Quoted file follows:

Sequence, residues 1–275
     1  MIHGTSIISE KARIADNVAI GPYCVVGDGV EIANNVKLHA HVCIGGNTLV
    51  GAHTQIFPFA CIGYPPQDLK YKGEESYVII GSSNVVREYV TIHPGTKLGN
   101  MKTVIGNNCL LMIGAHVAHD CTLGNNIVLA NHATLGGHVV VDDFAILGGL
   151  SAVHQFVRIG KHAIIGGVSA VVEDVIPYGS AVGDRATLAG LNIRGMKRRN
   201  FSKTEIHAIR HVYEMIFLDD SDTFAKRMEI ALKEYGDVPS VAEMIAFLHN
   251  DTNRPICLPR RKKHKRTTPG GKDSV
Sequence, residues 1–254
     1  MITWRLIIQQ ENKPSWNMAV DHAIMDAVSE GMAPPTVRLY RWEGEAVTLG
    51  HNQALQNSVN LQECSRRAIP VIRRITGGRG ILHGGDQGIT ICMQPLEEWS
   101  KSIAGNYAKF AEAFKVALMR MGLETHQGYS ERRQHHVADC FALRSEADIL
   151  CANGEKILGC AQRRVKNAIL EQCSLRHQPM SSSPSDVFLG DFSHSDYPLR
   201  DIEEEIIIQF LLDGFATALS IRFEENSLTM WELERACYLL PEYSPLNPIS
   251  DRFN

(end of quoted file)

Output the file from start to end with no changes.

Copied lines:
Sequence, residues 1–275
     1  MIHGTSIISE KARIADNVAI GPYCVVGDGV EIANNVKLHA HVCIGGNTLV
    51  GAHTQIFPFA CIGYPPQDLK YKGEESYVII GSSNVVREYV TIHPGTKLGN
   101  MKTVIGNNCL LMIGAHVAHD CTLGNNIVLA NHATLGGHVV VDDFAILGGL
   151  SAVHQFVRIG KHAIIGGVSA VVEDVIPYGS AVGDRATLAG LNIRGMKRRN
   201  FSKTEIHAIR HVYEMIFLDD SDTFAKRMEI ALKEYGDVPS VAEMIAFLHN
   251  DTNRPICLPR RKKHKRTTPG GKDSV
Sequence, residues 1–254
     1  MITWRLIIQQ ENKPSWNMAV DHAIMDAVSE GMAPPTVRLY RWEGEAVTLG
    51  HNQALQNSVN LQECSRRAIP VIRRITGGRG ILHGGDQGIT ICMQPLEEWS
   101  KSIAGNYAKF AEAFKVALMR MGLETHQGYS ERRQHHVADC FALRSEADIL
   151  CANGEKILGC AQRRVKNAIL EQCSLRHQPM SSSPSDVFLG DFSHSDYPLR
   201  DIEEEIIIQF LLDGFATALS IRFEENSLTM WELERACYLL PEYSPLNPIS
   251  DRFN